I reflected on how I felt about switching to video-coaching as a client many years ago for the first time when my own coach moved back to the UK. There were primarily two reasons I was so comfortable with the switch: (a) I had been coached before so knew what to expect and didn’t think the video would be an obstacle (b) I had a trusting relationship with my coach and wished to continue with her on video, rather than switch to a new, local coach. The trust existed on multiple levels: we had a trusting relationship therefore I wanted the continuity with her (not relevant to my blog entry as such), but also, I trusted in her ability to deliver as a coach over video.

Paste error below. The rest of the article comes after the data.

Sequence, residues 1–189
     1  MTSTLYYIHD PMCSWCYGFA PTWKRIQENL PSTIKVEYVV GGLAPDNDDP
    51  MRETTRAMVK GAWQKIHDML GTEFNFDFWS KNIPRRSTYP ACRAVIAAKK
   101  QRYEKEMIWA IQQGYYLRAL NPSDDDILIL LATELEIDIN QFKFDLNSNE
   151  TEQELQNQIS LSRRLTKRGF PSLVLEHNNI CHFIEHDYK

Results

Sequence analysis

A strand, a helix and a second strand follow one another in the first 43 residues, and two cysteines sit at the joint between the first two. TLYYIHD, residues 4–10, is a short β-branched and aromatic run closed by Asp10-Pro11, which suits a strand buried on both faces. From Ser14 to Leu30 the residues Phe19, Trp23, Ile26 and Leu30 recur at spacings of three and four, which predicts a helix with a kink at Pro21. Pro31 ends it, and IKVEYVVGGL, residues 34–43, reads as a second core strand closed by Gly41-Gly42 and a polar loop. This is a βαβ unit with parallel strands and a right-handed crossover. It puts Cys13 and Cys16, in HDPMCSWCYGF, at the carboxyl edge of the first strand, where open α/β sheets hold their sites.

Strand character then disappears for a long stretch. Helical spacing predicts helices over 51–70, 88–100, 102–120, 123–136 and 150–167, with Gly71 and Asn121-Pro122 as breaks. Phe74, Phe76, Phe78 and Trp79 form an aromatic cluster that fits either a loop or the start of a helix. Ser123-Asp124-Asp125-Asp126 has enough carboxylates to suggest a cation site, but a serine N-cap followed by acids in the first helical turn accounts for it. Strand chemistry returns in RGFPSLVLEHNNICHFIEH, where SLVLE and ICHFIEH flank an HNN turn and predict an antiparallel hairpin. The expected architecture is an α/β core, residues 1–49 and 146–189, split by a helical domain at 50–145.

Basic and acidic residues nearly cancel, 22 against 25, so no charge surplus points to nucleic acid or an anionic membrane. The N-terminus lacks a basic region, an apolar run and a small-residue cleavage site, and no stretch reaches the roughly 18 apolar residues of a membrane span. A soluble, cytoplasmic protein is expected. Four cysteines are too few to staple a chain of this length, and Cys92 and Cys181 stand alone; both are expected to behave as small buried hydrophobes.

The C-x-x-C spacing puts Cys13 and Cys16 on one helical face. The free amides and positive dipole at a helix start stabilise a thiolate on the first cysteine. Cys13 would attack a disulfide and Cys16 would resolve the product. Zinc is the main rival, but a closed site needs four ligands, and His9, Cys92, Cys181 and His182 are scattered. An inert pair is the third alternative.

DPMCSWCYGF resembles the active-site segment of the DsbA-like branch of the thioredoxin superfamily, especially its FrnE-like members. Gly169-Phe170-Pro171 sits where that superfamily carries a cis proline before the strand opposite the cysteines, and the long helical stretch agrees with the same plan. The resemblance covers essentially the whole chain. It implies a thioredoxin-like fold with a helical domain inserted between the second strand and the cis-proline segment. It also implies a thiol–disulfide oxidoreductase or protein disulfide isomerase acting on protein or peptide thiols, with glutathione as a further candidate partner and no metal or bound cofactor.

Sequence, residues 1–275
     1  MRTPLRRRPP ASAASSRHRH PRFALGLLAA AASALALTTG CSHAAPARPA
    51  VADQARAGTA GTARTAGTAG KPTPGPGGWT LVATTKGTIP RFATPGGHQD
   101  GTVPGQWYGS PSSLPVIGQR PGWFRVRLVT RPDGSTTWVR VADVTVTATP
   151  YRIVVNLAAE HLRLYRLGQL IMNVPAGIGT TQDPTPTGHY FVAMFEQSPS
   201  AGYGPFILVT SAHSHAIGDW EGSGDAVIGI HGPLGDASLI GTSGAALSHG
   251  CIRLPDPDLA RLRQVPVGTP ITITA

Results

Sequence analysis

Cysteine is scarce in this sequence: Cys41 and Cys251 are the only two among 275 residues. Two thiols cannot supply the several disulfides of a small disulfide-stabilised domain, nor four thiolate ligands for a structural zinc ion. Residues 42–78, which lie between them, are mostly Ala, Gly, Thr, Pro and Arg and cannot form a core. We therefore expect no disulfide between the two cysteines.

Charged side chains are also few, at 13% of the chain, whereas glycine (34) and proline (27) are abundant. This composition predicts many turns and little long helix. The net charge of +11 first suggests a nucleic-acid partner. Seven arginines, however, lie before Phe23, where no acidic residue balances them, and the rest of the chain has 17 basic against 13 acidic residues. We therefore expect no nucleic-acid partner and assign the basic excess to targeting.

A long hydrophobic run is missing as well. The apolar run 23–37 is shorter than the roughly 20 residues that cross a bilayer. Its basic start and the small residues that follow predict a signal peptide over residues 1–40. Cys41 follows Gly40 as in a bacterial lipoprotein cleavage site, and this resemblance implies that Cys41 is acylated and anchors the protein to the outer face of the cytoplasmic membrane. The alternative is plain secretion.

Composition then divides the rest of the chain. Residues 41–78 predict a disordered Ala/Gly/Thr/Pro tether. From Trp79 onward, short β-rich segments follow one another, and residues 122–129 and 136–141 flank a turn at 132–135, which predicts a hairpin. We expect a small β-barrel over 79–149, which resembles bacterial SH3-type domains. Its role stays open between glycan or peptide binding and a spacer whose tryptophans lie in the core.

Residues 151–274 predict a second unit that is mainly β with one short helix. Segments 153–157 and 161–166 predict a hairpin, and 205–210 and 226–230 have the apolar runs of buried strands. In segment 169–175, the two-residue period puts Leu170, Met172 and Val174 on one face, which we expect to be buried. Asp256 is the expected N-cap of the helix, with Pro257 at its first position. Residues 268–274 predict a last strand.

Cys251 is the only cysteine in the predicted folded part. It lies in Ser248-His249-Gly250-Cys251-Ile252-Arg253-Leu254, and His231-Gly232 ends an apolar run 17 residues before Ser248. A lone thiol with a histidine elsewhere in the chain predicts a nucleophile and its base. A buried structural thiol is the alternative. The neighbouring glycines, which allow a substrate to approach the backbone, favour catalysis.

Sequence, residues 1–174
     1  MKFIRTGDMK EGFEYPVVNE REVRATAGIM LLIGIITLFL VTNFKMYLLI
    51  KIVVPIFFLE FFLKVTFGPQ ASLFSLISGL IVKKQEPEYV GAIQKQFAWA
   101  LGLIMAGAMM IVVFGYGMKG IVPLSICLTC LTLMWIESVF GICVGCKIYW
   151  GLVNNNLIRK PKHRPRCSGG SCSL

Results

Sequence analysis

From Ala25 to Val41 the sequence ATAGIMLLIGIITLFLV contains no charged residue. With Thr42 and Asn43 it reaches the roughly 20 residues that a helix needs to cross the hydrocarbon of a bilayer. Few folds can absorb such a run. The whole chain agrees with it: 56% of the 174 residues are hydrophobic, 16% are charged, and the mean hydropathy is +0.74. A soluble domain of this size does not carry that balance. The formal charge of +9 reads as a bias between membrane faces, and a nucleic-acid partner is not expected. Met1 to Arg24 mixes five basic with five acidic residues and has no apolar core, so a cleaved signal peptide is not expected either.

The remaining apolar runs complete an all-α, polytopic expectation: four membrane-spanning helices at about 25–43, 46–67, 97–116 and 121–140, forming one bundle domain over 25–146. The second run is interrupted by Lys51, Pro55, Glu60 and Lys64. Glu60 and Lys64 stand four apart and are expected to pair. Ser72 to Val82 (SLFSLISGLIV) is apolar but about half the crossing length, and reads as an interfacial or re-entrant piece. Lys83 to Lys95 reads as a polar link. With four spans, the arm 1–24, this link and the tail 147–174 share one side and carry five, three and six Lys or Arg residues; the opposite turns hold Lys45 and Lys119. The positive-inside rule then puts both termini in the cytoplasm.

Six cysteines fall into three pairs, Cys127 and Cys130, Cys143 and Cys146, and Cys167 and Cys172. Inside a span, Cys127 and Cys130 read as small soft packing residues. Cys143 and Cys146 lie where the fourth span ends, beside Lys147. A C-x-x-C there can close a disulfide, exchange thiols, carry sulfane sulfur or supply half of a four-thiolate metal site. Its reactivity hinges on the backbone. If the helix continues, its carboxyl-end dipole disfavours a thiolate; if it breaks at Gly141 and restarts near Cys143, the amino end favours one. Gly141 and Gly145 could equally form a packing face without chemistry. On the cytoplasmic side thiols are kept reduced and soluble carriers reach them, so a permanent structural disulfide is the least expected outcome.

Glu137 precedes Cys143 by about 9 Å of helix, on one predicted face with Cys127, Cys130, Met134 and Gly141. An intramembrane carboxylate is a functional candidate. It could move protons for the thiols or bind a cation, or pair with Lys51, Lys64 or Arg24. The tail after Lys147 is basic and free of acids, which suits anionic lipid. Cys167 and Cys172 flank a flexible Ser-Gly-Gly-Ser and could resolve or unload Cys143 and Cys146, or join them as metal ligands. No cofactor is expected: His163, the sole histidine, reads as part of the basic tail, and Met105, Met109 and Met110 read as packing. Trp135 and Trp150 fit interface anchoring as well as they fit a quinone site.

Years later, I’m observing my own clients as we switch from in-person coaching to video, and wondering about the presence of the two factors I had observed in myself as a client. As I transition over with them, I find myself reassuring them subtly, allowing them space to experience and settle into the new norms, but never pressuring them to adopt it.  Truthfully, Hong Kong’s numbers are improving, which means we will likely transition back to in-person meetings sooner than some other cities perhaps. And yet, because of the convenience and agility it offers, I’m also sensing that, even for some local clients, video-coaching isn’t going to go away anytime soon, much like WFH.